Forever Remain

ROXTON LETTERS VOLUME TWO

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A Companion to the Roxton Family Saga

This second volume of previously unpublished letters from the private correspondence of the Roxton family spans a twenty-year period, from the 1760s to the late 1780s, and includes extracts from the diaries of Antonia, Duchess of Kinross, and her younger son Lord Henri-Antoine Hesham. Also included are letters by the 5th Duke of Roxton, written in the final stages of his illness, and addressed to his youngest son Lord Henri-Antoine. The volume concludes with a letter by the latter’s wife, Lady Henri-Antoine Hesham, to her mother-in-law, the Duchess of Kinross, while abroad on her bridal trip. These letters complement the later chronology of the award-winning Roxton Family Saga: Dair Devil, Proud Mary, and Satyr’s Son. With a foreword by a late-Victorian descendant, Alice-Victoria, 10th Duchess of Roxton.

Audiobook coming soon, to be performed by Alex Wyndham

Letters and diary entries
Non explicit (mild violence)
Novellla (41,000 words)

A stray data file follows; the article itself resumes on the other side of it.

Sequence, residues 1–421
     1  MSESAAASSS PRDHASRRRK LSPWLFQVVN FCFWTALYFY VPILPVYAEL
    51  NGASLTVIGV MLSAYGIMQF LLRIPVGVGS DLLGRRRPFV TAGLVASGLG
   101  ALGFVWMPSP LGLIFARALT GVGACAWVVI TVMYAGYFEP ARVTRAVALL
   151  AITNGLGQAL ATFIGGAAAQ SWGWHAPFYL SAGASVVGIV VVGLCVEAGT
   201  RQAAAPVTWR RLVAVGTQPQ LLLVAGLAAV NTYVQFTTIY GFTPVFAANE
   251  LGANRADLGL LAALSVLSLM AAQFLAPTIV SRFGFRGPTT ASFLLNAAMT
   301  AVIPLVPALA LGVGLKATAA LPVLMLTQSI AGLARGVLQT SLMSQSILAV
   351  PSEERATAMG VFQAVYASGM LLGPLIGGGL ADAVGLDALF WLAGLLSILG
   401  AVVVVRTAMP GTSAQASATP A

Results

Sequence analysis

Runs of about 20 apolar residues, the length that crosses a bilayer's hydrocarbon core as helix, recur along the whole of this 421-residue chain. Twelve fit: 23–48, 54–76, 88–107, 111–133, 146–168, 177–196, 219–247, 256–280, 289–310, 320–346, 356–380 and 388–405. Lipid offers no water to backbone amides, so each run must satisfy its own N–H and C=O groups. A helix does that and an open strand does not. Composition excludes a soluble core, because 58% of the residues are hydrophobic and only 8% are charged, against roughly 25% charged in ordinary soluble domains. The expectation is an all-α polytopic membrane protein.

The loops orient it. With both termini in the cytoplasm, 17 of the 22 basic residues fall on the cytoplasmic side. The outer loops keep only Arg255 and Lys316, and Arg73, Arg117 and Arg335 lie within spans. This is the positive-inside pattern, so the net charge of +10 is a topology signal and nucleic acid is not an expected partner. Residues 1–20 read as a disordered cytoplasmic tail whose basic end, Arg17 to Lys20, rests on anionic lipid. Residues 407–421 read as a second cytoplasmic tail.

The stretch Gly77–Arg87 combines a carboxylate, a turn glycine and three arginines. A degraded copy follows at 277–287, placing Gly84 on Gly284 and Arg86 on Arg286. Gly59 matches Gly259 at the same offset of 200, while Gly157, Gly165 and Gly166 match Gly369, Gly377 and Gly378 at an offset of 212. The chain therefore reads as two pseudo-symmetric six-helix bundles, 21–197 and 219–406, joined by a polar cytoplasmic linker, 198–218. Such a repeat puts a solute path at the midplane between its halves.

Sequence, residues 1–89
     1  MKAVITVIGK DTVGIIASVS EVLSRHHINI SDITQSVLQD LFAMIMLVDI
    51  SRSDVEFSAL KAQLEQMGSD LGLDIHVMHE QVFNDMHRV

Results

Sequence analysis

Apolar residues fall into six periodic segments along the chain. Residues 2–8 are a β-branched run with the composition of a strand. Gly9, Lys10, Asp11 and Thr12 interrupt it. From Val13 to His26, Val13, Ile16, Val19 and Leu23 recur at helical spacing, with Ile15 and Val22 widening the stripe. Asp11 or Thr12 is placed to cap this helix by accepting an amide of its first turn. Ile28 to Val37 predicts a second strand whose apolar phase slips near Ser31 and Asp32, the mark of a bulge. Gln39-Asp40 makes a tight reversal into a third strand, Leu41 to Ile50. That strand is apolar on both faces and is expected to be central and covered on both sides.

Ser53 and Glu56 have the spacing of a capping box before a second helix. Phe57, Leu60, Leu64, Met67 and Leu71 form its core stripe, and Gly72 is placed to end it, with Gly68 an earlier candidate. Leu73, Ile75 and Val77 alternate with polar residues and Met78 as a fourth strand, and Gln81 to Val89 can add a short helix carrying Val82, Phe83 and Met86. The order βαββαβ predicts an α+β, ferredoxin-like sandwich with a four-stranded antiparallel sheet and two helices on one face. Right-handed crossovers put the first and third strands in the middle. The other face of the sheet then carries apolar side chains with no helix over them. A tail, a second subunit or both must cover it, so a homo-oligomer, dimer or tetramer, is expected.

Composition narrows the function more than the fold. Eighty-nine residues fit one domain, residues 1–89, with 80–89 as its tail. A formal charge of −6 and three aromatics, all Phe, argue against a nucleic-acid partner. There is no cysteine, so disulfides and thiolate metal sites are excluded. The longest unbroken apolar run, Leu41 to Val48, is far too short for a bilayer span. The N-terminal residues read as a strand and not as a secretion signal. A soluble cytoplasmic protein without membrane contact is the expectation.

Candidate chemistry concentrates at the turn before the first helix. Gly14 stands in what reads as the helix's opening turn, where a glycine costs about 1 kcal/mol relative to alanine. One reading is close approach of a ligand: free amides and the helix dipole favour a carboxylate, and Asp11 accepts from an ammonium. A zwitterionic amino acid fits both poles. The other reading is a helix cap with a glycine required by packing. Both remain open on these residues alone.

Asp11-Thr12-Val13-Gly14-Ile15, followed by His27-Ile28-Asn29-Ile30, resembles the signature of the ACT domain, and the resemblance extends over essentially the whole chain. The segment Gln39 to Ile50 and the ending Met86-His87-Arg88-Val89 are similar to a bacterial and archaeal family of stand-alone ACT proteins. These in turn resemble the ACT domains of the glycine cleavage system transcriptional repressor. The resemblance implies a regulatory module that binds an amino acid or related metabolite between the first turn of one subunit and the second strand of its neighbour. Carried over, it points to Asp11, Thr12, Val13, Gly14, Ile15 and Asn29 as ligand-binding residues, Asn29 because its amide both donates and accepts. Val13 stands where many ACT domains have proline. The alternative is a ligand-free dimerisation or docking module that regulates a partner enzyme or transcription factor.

I get Lucinda Brant. We are both diehard romantics at heart. When I first started reading Eternally Yours the first volume of Roxton letters, I was unsure how a bunch of letters would hold my interest. I should never have doubted Lucinda Brant. Eternally Yours was magical. FOREVER REMAIN brings us into the world of the sixth duke, his duchess and their dynasty. A bold exciting look into the lives of the Roxton family told through a litany of personal letters which is like listening into their conversations. Each letter which truly feels like a personal chat, uncovers information that was not included in the previous books about this family or answers questions about people or circumstances mentioned in the saga. Lord Henri-Antoine quickly became one of my favorite Roxton characters in Satyrs Son. I truly loved this story about misguided fraternity brothers and the realization of caring and friendship that prevailed. And of course when love came into the picture life was never going to be the same. So when I realized that so many letters of FOREVER REMAIN referred to Henri-Antoine as a young boy and then onto adulthood and ultimate marriage well I was of course hooked. Once again, Lucinda Brant has shown us why she is an undisputed master of this genre.